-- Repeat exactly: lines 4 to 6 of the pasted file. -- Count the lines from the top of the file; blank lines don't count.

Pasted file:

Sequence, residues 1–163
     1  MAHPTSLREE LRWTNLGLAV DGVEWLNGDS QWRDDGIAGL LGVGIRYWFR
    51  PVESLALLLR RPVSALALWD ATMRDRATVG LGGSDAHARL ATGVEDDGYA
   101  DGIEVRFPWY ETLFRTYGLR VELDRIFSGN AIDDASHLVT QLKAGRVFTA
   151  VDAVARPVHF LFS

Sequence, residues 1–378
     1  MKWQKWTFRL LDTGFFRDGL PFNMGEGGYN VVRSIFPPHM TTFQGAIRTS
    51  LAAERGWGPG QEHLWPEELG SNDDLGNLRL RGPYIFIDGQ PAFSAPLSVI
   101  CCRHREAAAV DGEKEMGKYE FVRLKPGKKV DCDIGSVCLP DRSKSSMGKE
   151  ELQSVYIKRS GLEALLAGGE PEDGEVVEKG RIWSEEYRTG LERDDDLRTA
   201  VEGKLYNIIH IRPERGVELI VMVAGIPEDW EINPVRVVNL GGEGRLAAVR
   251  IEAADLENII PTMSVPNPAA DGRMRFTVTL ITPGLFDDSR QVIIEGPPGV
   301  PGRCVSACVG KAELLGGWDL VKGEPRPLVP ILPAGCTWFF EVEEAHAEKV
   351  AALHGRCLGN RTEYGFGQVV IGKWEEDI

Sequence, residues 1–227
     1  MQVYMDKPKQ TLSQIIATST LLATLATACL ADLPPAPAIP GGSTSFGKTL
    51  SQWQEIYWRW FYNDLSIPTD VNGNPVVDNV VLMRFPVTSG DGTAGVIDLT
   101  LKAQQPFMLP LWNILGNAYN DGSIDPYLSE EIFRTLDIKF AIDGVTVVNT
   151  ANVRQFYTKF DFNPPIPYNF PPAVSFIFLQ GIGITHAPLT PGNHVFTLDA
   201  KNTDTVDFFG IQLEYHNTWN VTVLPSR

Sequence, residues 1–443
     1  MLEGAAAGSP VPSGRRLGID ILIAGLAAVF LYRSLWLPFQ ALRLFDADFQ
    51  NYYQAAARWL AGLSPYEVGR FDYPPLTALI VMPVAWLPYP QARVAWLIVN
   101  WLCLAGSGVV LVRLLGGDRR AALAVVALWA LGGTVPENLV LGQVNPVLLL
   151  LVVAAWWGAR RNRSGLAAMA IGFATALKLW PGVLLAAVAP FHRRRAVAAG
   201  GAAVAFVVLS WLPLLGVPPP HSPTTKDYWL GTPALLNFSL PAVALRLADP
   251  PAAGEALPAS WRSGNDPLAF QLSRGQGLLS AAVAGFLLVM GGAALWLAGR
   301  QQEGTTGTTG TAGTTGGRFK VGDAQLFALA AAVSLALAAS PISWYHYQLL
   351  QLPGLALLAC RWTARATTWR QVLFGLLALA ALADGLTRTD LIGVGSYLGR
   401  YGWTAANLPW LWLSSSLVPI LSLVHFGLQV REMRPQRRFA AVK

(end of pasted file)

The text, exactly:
   101  DGIEVRFPWY ETLFRTYGLR VELDRIFSGN AIDDASHLVT QLKAGRVFTA
   151  VDAVARPVHF LFS

Sequence, residues 1–378